Despite these minor problems, the Champlain production achieved the play's principal goal: to make you think and feel. In 1959, Lorraine Hansberry was self-effacing as a chorus of critics hailed the premiere of A Raisin in the Sun. But another reaction to the play, a Chicago sermon, moved her deeply. Rabbi Jacob J. Weinstein placed Walter Lee's struggle in historical context, speaking to his synagogue about the shared black and Jewish journey through enslavement and marginalization.

Weinstein said: "It will be recorded that it was often more bitter to have had the name of free men without the substance, than to have had neither the name nor the substance. It will also be recorded that the fetters - the invisible, inchoate fetters - of unspoken prejudices, of social conventions, of property covenants, were much more corrosive in the flesh than the visible chains of tyranny."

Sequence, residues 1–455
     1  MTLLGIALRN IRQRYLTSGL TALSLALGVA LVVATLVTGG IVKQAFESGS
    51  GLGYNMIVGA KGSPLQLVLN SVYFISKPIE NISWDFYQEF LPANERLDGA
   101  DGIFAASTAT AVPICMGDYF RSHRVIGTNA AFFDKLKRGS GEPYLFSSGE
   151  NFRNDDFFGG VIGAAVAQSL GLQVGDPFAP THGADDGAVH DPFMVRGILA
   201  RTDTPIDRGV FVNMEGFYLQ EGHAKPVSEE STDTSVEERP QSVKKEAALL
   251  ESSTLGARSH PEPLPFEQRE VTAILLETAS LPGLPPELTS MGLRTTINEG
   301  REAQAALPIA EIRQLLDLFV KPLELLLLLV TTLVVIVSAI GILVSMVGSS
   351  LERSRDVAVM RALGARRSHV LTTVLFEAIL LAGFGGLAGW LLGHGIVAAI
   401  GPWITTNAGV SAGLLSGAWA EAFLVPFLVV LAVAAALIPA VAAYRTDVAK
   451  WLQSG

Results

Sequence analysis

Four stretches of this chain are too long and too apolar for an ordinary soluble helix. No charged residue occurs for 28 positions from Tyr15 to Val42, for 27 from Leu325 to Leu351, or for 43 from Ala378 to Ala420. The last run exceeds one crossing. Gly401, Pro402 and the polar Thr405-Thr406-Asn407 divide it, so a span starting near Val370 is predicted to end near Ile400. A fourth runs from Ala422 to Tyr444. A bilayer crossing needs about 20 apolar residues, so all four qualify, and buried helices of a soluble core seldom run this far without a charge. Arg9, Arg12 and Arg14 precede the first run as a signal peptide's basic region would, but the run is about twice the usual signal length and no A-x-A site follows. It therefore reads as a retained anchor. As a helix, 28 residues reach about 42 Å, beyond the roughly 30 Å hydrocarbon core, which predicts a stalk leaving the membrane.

Lorraine Hansberry died in 1964 of cancer, when she was just 34 years old. The optimistic ending of A Raisin in the Sun suggests that she never dreamed how corrosive "invisible fetters" would continue to be. Nearly a half century after Hansberry conceived Walter Lee Younger, no demographic group suffers more in America than the young African-American male. The most telling statistic is often repeated: There are more college-aged black men in prison than on campus. The play's theme - how society restricts and even neutralizes black manhood - should be a historical relic. Sadly, it resonates today.

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Elisabeth Crean